In a relentless search for alternatives to fossil fuel energy production, many scientists have turned to thinking about how to harness natural renewable forces to generate power.
Currently, the two leading contenders are solar and wind power but now, British scientists are attempting to harness the power of the moon to generate energy in the form of tidal power generators. If successful, tidal power could overcome the unpredictability of wind power and the limits of solar power from clouds and night time. Tides are so accurate and predictable that maritime nations have published timetables of them for more than 200 years.
Tidal power has been the poor stepsister of the two above mentioned renewable power sources because of its relatively high cost and the fact that current inefficient turbine designs have up to now limited the number of potential sites with sufficiently high tidal ranges or flow velocities.
If a British project succeeds however, that dynamic may be about to alter. Rolls-Royce, a renowned British engineering firm that has progressed from its initial automotive expertise into becoming a global power systems company, announced that its prototype subsea tidal turbine off the Orkney Islands in Scotland, has successfully generated and fed over 100 megawatt hours of electrical power into the national grid.
The Rolls-Royce prototype tidal turbine is part of the Deep-Gen III project, co-funded by the British government-backed Technology Strategy Board and is currently deployed at the European Marine Energy Center’s offshore test site off the Orkneys. The tidal unit’s three-bladed turbine is attached by a tripod to the seabed and can operate fully submerged at a depth of 130 feet.
Rolls-Royce Vice-President - Power Ventures Robert Stevenson said: “Rolls-Royce has injected its world-class engineering expertise and incubation processes to deliver this innovative renewable energy project. Reaching the 100 megawatt hour milestone highlights the significant potential of cleaner, greener tidal power as part of a diversified UK energy mix. Having proven the capability of tidal energy, Rolls-Royce is well placed to meet any future demand with larger, more efficient technology on a commercial scale.”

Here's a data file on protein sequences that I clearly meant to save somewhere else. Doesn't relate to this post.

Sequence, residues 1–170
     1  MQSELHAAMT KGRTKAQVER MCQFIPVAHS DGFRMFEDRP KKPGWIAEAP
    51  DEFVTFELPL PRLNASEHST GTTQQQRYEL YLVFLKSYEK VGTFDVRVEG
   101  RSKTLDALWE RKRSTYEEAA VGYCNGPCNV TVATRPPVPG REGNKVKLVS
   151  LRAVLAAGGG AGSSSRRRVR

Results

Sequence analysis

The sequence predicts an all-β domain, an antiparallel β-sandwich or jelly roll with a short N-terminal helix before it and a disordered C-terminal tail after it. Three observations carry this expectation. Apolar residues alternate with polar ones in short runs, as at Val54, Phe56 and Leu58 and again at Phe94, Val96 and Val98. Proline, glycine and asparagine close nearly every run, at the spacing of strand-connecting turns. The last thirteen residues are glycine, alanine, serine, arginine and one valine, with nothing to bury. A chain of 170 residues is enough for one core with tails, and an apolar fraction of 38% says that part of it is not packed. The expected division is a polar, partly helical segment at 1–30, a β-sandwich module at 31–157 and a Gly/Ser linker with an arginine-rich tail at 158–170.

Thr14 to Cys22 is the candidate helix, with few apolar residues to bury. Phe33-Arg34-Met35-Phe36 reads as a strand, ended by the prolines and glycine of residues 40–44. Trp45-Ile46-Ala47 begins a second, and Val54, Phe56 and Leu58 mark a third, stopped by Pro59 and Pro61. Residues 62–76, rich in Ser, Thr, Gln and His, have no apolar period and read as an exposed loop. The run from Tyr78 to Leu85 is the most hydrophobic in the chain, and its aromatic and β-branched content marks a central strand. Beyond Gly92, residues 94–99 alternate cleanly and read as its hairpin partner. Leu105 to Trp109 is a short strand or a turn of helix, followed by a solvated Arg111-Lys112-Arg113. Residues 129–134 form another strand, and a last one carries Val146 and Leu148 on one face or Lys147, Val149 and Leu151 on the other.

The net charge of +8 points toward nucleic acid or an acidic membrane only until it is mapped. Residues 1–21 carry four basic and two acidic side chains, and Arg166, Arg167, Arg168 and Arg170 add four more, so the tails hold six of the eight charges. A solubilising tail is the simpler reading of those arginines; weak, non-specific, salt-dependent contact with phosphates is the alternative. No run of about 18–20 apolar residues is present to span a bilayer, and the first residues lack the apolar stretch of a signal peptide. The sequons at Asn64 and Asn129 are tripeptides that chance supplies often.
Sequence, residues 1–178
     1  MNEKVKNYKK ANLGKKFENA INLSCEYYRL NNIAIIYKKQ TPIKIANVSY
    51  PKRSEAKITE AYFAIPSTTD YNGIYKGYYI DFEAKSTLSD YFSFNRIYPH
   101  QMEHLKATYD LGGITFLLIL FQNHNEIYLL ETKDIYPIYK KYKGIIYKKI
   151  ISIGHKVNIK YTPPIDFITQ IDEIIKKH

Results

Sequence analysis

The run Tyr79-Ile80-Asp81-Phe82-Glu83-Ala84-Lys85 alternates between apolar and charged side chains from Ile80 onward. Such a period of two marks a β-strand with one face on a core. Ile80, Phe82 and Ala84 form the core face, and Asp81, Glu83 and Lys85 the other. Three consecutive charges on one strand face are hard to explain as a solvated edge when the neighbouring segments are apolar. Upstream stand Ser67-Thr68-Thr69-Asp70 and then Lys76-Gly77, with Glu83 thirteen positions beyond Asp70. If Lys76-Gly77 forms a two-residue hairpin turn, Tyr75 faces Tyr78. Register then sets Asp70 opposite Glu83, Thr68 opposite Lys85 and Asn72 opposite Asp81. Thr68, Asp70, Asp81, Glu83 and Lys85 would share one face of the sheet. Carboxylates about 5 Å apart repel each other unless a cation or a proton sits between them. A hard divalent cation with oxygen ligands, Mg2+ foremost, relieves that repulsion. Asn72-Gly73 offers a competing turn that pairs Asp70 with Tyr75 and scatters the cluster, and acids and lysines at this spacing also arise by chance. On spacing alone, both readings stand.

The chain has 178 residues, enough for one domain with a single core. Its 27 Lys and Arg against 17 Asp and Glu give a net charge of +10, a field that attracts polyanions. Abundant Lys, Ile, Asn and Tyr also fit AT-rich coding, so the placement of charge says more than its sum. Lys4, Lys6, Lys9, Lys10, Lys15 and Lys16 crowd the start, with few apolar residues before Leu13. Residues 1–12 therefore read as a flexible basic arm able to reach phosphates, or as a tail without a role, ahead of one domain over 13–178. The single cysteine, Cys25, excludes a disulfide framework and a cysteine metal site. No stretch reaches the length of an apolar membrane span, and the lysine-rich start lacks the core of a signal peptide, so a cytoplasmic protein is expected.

Tidal mills have been used, both in Europe and on the Atlantic coast of North America, with the usage dating from the Middle Ages, although some archaeologist place using tidal power back to Roman times.
Europe’s interest in the potential of tidal power is longstanding since France’s L’Usine Maremotrice de la Rance (Rance Tidal Power Station), the world’s first large-scale tidal power plant, became operational in 1966. The Rance Tidal Power Station, currently the world’s second biggest tidal power station, is situated on the estuary of the Rance River, in Brittany, France. Operated by Electricite de France, the Rance Tidal Power Station has a peak rating of 240 megawatts, generated by 24 turbines.
If fully deployed, Rolls-Royce predicts that its tidal technology could generate up to 30 terawatt-hours of British electricity, equivalent to around 7.5 per cent of current British electricity needs, enough to power 3 million homes.
British Technology Strategy Board head of energy Neil Morgan remarked of the Rolls Royce effort, “This is a significant milestone for the U.K. marine renewables industry. The UK is well-placed to exploit tidal stream energy resources and, if commercialized on a large scale, this technology could be an important part of the renewable energy mix we'll need in the future, and could create jobs and exports for the U.K.”
But Rolls Royce cannot rest on its laurels. Beside France’s Rance facility, countries currently operating tidal wave power projects include Britain’s earlier Strangford Lough Seagen facility, Canada’s Annapolis Royal Generating Station, China’s Jiangxia Tidal Power Station, Russia’s Kislaia Guba Tidal Power Station, South Korea’s Sihwa Lake Tidal Power Station and Uldolmok Tidal Power Station and the country is currently building a third tidal power facility, the Inchon Tidal Power Station. The Philippines and India are also considering building tidal power facilities.
In a historical irony, Inchon’s high tides were a major factor in American General Douglas MacArthur’s amphibious landings there in September 1950, which helped turn the tide of the Korean War.
But that was sixty years ago, and the oceanic conditions that once so bedeviled military planners may now be used to light peaceful coastlines.
By. John C.K. Daly of Oilprice.com